DEU EdTech Quick Tips – Issue 69

In this Issue: Fall Term on the Horizon

    • Prepping for Fall Term (Online Course Beginning-of-Term Checklist)
    • Getting to Know Your Class with Pre-Course Surveys
    • Canvas Tip: Organize Content with HTML Tabs
    • A Podcast Club for One
    • Upcoming PD Opportunity: Digital Pedagogy Institute (August 9-10)
    • DEU Support and Contact Information

Prepping for Fall Term (Online Course Beginning-of-Term Checklist)

On the verge of another new term already! If you are running through a mental list to decide if you’ve put all the pieces in place to get your new online (or remote) class up and running for Fall term, the Online Course Beginning-of-Term Checklist from DEU should cover the essentials. The checklist has more information on how to:

    1. Ready your course content and settings within Canvas.
    2. Finalize and upload your Syllabus.
    3. Set “Due” dates for graded components for the upcoming term.
    4. Publish your Canvas course.
    5. Make an Announcement and start communicating with your students.
    6. Send a Canvas “Inbox” message to your students.

See the full checklist with related Canvas resources on the DEU Blog.

Icon by EcommDesign on IconScout, CC-BY 3.0

Getting to Know Your Class with Pre-Course Surveys

As you prepare your course content for the fall term, you may be wondering, “How can I design a course for students that I haven’t met?” Surveying students is an easy way to learn about your incoming class ahead of course launch. Pre-course surveys will help you tailor course content, address potential student anxiety, and build rapport with your students, helping you and your class to hit the ground running in the first week.

Depending on your goals for a pre-course survey, there are a variety of questions you might ask students:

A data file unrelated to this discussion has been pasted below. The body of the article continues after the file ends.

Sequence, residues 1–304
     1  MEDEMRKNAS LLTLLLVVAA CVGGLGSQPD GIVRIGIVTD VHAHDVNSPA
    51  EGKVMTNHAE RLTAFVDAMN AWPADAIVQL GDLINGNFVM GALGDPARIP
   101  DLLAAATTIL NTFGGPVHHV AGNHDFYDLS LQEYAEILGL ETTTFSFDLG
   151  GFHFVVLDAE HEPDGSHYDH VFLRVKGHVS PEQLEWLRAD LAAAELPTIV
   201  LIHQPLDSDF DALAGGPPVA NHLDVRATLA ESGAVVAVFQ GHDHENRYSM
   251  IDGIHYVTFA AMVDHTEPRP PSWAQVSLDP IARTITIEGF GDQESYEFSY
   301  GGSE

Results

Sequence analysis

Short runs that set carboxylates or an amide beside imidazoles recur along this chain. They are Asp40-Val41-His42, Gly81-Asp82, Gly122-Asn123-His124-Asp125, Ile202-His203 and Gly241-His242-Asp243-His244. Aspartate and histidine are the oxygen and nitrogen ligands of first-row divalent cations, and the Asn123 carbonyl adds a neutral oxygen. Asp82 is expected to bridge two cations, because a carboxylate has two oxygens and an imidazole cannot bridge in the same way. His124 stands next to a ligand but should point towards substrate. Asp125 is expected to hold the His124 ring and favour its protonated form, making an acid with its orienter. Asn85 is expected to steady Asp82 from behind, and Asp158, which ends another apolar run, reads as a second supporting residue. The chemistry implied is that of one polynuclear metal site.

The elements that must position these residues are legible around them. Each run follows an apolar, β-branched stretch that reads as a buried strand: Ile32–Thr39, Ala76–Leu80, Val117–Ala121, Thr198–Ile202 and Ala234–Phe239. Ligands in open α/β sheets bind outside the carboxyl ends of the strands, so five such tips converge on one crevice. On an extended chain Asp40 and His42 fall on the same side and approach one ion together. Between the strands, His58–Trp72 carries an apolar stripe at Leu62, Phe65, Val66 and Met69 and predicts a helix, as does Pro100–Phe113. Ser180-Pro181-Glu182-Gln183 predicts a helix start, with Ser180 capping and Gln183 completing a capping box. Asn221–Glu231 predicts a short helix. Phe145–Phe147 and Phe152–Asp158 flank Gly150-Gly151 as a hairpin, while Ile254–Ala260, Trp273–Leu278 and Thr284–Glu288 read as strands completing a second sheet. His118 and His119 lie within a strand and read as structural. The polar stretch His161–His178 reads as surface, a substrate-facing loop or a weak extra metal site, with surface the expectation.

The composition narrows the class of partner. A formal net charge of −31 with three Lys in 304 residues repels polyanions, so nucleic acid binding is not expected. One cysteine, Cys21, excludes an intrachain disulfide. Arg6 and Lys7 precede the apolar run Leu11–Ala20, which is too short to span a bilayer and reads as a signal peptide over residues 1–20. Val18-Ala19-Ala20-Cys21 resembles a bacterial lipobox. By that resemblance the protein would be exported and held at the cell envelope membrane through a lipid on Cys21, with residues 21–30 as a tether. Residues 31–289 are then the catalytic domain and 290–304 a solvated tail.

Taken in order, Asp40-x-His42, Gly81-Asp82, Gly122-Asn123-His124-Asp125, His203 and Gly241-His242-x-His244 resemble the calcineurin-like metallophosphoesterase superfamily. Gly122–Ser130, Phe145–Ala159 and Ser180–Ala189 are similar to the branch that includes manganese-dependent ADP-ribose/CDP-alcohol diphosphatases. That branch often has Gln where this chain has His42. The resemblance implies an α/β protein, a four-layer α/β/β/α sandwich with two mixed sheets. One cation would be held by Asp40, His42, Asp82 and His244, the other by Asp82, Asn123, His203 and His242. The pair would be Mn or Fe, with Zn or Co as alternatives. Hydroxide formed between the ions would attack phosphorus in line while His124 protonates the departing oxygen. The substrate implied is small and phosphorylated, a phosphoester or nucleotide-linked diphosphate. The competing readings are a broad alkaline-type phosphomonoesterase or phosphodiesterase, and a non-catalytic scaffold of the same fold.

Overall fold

• Demographic questions to plan discussions, groups, and office hour sessions
      • “What time zone are you in?”
      • “Are you working full time, part time, or seeking a job during this course?”
    • Prior knowledge questions to build on existing skills or fill potential gaps
      • “What courses have you taken that are similar to this one?”
      • “Do you have work experience in this field?”
    • Goal-oriented questions to assess what students hope to get out of the course
      • “How do you plan to apply the knowledge you gain from this course?”
      • “Are there any specific topics you hope to learn about this term?”
    • Free-form questions so students can share any other concerns or needs ahead of the course
      • “Do you have anything else to share that I should be aware of?”
      • “Do you have any questions for me that I can follow up on?”

Once you have designed your questions and are ready to send them, you’ll need a survey tool to collect responses. While Canvas has a survey tool that is suitable for most purposes, SurveyMonkey is a great option to connect with your class before you open the course. If it’s your first time accessing SurveyMonkey, see How can I log in to SurveyMonkey?Otherwise, you’ll just need a list of email addresses to ensure the surveys reach the right inboxes. In Canvas, you can generate a class list that includes email addresses by following these instructions: How do I export grades in the Gradebook?